National Feedlot Corporation granted leave to appeal in defamation suit against Rafizi

Initially, the High Court had on Oct 31, 2016 ordered Rafizi to pay RM150,000 in damages to Salleh and RM50,000 to NFC for defamation. Source (pic): TTF Files

ناتياونل فيايدلوت چورڤورشن دبري كبنرن بوات رايوان دالم تونتوتن سامن فتنه ترهادڤ رافيزي

National Feedlot Corporation Sdn Bhd (NFC) and its chairman Datuk Seri Dr Mohamad Salleh Ismail have today been given leave by the Federal Court to appeal the Court of Appeal’s decision to dismiss his defamation suit against former Pandan Member of Parliament and PKR vice president Rafizi Ramli.

A three-member bench led by Federal Court judge Datuk Abdul Rahman Sebli allowed four questions of law to be decided on during the hearing of the merits of appeal after Salleh’s counsel Tan Sri Muhammad Shafee Abdullah indicated that Rafizi’s lawyer, Ranjit Singh, did not object.

Rafizi had in 2012, alleged in a press conference that NFC had used the RM250 million government loan as collateral to purchase commercial properties at KL Eco City. In the end, Salleh did not purchase the said properties as alleged by the former federal lawmaker.

The company denied the claim, saying the purchases were private investments made by the company’s directors, who were Salleh and his three children with his wife, former Wanita Umno chief Tan Sri Shahrizat Abdul Jalil.


PUTRAJAYA: National Feedlot Corporation Sdn Bhd (NFC) and its chairman Datuk Seri Dr Mohamad Salleh Ismail have today been given leave by the Federal Court to appeal the Court of Appeal’s decision to dismiss his defamation suit against former Pandan Member of Parliament and PKR vice president Rafizi Ramli.

A three-member bench led by Federal Court judge Datuk Abdul Rahman Sebli allowed four questions of law to be decided on during the hearing of the merits of appeal after Salleh’s counsel Tan Sri Muhammad Shafee Abdullah indicated that Rafizi’s lawyer, Ranjit Singh, did not object.




Shafee said this comes as the Court of Appeal’s decision “was completely off-tangent” as its judgment was decided on something which was not pointed out in the appeal.

“We feel that these questions ought to be allowed for leave,” the senior lawyer said.

Ranjit concurred, adding that Rafizi’s defence of fair comment, which was the main point in the case, was not addressed in the judgment and the court decided on another matter on its own.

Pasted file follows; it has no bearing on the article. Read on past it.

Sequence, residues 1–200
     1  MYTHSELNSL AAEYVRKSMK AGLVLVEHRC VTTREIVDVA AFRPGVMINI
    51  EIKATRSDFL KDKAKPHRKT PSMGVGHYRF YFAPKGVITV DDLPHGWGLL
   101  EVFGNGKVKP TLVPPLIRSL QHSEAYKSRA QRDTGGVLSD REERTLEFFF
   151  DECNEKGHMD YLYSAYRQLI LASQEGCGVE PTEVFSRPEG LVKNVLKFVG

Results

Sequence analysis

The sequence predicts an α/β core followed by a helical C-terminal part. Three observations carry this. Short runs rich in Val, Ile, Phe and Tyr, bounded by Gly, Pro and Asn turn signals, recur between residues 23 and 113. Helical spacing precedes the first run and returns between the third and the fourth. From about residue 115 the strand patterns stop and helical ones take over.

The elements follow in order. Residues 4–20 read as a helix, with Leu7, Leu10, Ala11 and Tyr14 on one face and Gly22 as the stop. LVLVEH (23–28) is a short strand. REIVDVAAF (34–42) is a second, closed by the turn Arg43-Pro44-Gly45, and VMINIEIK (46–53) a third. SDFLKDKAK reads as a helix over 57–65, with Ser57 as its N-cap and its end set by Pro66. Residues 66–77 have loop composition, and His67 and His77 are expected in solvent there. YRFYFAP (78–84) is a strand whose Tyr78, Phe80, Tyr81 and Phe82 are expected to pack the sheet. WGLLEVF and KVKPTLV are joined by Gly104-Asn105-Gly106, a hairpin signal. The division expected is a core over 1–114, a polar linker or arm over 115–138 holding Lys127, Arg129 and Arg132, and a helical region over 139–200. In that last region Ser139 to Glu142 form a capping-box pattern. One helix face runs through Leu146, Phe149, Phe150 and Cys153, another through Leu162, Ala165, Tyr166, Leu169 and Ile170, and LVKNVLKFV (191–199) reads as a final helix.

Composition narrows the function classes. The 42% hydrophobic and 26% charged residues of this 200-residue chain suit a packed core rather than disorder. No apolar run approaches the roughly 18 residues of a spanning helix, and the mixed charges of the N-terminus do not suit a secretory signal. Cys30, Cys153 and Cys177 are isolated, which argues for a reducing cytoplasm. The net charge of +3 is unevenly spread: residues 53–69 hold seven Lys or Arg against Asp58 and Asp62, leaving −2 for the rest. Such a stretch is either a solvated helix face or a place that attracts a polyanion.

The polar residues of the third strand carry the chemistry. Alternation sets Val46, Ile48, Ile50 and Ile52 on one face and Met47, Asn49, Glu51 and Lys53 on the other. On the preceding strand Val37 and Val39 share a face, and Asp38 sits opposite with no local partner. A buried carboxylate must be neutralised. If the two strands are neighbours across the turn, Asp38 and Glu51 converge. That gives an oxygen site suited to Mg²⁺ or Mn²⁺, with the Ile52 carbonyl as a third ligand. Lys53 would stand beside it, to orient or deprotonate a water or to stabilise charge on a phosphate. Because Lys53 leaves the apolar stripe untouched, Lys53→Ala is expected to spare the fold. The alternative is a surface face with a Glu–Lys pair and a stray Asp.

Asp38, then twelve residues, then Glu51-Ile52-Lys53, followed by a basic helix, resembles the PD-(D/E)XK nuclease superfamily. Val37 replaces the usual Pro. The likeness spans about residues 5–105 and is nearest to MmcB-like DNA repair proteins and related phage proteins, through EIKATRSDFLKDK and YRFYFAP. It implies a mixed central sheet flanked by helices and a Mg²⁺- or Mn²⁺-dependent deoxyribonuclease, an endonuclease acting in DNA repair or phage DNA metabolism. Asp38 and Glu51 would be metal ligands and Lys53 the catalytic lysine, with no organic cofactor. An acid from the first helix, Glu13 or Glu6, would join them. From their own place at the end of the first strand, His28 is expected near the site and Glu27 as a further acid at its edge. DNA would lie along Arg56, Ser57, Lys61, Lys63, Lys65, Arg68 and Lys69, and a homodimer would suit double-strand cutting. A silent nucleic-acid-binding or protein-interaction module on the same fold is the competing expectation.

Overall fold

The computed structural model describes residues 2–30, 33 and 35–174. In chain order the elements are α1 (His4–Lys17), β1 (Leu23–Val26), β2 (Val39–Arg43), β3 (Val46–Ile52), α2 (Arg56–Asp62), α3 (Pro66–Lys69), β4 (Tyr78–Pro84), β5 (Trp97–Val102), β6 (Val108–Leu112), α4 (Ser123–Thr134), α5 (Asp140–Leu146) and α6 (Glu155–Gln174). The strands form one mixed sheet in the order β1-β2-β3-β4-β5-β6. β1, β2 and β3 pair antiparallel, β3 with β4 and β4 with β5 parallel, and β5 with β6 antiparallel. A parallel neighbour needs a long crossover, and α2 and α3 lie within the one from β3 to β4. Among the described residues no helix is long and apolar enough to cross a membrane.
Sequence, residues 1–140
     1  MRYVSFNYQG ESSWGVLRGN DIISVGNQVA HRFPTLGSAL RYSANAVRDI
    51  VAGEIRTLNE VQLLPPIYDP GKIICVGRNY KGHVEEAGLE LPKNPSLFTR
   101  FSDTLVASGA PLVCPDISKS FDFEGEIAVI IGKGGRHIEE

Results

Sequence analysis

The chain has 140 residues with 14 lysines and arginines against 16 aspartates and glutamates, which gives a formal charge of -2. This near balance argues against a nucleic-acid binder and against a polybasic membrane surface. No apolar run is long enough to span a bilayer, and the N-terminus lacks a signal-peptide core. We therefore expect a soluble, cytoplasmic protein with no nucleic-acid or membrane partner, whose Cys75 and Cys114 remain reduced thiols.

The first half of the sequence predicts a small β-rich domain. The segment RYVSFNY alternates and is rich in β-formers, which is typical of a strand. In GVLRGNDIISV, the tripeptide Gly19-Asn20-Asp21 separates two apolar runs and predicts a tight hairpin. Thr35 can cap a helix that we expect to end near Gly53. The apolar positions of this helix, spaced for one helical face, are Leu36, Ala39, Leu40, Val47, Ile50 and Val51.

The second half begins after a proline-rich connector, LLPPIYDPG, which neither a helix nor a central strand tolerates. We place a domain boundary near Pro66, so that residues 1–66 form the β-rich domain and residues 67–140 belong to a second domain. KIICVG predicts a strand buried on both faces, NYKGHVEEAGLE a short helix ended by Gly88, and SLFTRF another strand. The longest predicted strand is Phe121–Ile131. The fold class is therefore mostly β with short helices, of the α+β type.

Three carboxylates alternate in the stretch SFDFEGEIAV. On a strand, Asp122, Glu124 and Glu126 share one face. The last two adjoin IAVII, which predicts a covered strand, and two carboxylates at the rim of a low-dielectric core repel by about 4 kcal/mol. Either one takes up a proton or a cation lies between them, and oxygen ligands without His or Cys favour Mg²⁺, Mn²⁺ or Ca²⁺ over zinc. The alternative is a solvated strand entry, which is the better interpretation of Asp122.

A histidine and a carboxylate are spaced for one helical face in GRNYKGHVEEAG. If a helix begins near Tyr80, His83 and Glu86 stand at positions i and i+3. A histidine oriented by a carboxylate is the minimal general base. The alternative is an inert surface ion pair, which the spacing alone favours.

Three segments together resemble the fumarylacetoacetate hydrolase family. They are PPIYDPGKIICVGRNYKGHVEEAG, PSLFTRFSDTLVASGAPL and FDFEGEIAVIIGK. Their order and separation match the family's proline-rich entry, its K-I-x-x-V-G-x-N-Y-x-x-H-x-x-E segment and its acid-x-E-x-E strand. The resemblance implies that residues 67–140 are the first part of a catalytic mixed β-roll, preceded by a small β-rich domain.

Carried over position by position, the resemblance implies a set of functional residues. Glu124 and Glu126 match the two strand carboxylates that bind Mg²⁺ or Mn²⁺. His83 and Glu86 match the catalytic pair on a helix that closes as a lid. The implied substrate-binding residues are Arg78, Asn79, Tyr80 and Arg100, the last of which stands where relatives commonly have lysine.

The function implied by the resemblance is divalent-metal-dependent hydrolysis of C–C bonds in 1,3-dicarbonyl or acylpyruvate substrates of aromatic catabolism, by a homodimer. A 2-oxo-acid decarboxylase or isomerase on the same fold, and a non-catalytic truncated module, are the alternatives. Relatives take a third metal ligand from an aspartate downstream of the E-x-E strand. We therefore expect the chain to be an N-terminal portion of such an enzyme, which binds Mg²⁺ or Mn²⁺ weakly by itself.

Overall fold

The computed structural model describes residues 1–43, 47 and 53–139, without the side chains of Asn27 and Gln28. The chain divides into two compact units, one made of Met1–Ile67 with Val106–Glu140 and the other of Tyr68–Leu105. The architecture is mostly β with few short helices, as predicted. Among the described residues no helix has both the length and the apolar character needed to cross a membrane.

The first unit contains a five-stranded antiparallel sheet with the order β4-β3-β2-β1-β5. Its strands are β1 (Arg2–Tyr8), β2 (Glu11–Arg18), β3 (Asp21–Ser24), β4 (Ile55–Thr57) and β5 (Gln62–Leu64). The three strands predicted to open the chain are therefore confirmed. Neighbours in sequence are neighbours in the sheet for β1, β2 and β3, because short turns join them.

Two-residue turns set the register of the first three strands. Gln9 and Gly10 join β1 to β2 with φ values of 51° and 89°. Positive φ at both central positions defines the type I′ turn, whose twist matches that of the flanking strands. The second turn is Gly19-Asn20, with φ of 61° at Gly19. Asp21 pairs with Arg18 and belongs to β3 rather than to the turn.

“We won the appeal but when the grounds from the Court of Appeal came out, the judge (at the appellate court) got it wrong in our favour. If the merits of the appeal is heard, we do not want the defence of fair comment, which is essential in our case, to be precluded,” he said.

For this reason, Ranjit said they agreed not to object the questions of law that would be decided by the apex court.

Following this, Justice Rahman, who sat with Federal Court judges Puan Sri Zaleha Yusof and Datuk Seri Hasnah Mohammed Hashim, allowed Salleh leave to hear the appeal on its full merits.

Rafizi had in 2012, alleged in a press conference that NFC had used the RM250 million government loan as collateral to purchase commercial properties at KL Eco City. In the end, Salleh did not purchase the said properties as alleged by the former federal lawmaker.

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The company denied the claim, saying the purchases were private investments made by the company’s directors, who were Salleh and his three children with his wife, former Wanita Umno chief Tan Sri Shahrizat Abdul Jalil.

Initially, the High Court had on Oct 31, 2016 ordered Rafizi to pay RM150,000 in damages to Salleh and RM50,000 to NFC for defamation.

However, a three-member Court of Appeal bench led by Justice Datuk Dr Hamid Sultan Abu Backer had on May 14 last year ruled that Rafizi’s appeal had merits and ordered the damages and RM100,000 in costs paid by Rafizi to Salleh and NFC previously to be returned to him.

Moreover, the former Pandan lawmaker was also awarded costs of RM110,000.

The four questions that would be decided by the apex court in Salleh’s appeal are:

1. Whether in a defamation action, a letter of demand before action is a prerequisite to the statement of claim.

2. Is there a co-relationship between Section 10 Defamation Act and a letter before action in a defamation action?

3. Does the plaintiff (Salleh) in a defamation action, either in letter before action or in his statement of claim, owe a duty to the defendant to elaborate the particulars of the untruthfulness of the impugned defamatory statement apart from unequivocally stating that the defamatory impugned statement was simply untrue, to enable the defendant to consider seeking the benefit of Section 10 of the Defamation Act 1957?

4. Can the very same aspect of “malice” which defeated the defendant’s defence of qualified privilege survive the defence of fair comment in the same court of action? Does malice have different or like species relevant to the distinct defences of qualified privilege and fair comment?

Source:

NOTA: SAYA MEMBUAT PENGUMUMAN-PENGUMUMAN PENTING DARI MASA KE SEMASA EKSKLUSIF MENERUSI SALURAN TELEGRAM BERIKUT:



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